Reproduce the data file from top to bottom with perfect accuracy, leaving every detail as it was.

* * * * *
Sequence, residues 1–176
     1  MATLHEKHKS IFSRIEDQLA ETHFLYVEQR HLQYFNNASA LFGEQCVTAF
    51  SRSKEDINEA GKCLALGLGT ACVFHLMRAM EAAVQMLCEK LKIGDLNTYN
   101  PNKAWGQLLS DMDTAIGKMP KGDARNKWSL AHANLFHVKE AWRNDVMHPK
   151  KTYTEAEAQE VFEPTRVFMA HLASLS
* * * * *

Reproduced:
Sequence, residues 1–176
     1  MATLHEKHKS IFSRIEDQLA ETHFLYVEQR HLQYFNNASA LFGEQCVTAF
    51  SRSKEDINEA GKCLALGLGT ACVFHLMRAM EAAVQMLCEK LKIGDLNTYN
   101  PNKAWGQLLS DMDTAIGKMP KGDARNKWSL AHANLFHVKE AWRNDVMHPK
   151  KTYTEAEAQE VFEPTRVFMA HLASLS